On the surface, this was a bizarre match-up. Goode has always devised his own texts for the Joe Goode Performance Group (see “Twenty Goode Years,” June 2006); and, in the past, he has complained about dance’s dependence on music. There’s also no place for dance in Transformations.

 

So what changed his mind?

 

“I’m a big Sexton fan. I love the language,” says Goode. “Yes, the music is difficult. I realized that the way to do it was to animate it, to let it be a bit of a cartoon, to let it shimmer on the surface.” About the young singers, he says, “I was nervous. What were these divas like?” recalls the choreographer. “Are they going to stand in one spot and just sing?”

 

He was pleasantly surprised. “Opera singers train differently these days,” he says. “They come to rehearsals knowing they have to act and be part of the director’s vision. A few of them were terrified, but as soon as we based their contributions in character, we could work together.”

 

For Goode, opera and dance are a good match. “My work is all about the interior life. That’s what opera is about, too. I’ve never felt such freedom before.” Opera, he believes, may even be where dance-theater is headed. “For the past 10 years, dancemakers have been reinventing themselves according to their own rules,” says Goode. “We’ve been allowed to be interdisciplinary, to bring in other elements. This permission has got us into some interesting territory. Opera, in many ways, is the ultimate interdisciplinary form. We choreographers have been in training for this.”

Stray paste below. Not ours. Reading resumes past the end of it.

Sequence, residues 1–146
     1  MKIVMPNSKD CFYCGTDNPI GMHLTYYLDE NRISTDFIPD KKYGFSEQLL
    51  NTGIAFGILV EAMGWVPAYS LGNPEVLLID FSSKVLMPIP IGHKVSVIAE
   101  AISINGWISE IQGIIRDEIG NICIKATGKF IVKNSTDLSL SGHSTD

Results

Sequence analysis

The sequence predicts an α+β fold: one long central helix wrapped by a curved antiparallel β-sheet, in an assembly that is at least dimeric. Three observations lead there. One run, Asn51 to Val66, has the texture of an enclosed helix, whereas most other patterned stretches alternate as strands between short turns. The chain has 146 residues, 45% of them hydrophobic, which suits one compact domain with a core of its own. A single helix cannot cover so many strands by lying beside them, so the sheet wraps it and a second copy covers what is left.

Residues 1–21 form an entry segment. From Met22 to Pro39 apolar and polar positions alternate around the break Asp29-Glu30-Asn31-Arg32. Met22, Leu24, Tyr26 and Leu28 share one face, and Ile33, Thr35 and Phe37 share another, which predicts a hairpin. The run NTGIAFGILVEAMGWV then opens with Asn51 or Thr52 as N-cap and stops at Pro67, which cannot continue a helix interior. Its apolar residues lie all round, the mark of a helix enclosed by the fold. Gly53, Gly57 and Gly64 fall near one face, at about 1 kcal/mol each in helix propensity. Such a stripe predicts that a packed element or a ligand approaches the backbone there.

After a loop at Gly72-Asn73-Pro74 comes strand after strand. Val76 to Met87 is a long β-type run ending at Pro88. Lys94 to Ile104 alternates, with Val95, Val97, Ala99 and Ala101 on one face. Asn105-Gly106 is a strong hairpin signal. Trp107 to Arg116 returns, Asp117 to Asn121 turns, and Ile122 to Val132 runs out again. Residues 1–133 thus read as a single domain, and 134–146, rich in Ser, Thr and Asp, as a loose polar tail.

Trisha Brown made the dances “and a lot of other stuff” for a production of Carmen staged by Italian film director Lina Wertmüller in the 1980s. “I was stimulated by the surrounds of song and the enormous décor,” she says. When, in 1998, the Monnaie Opera in Brussels invited her to direct Monteverdi’s 1607 Orfeo, Brown steeped herself in the music and history of the score. Yet as a choreographer who inclines to abstraction, she harbored doubts. She turned to her friend artist Robert Rauschenberg for advice.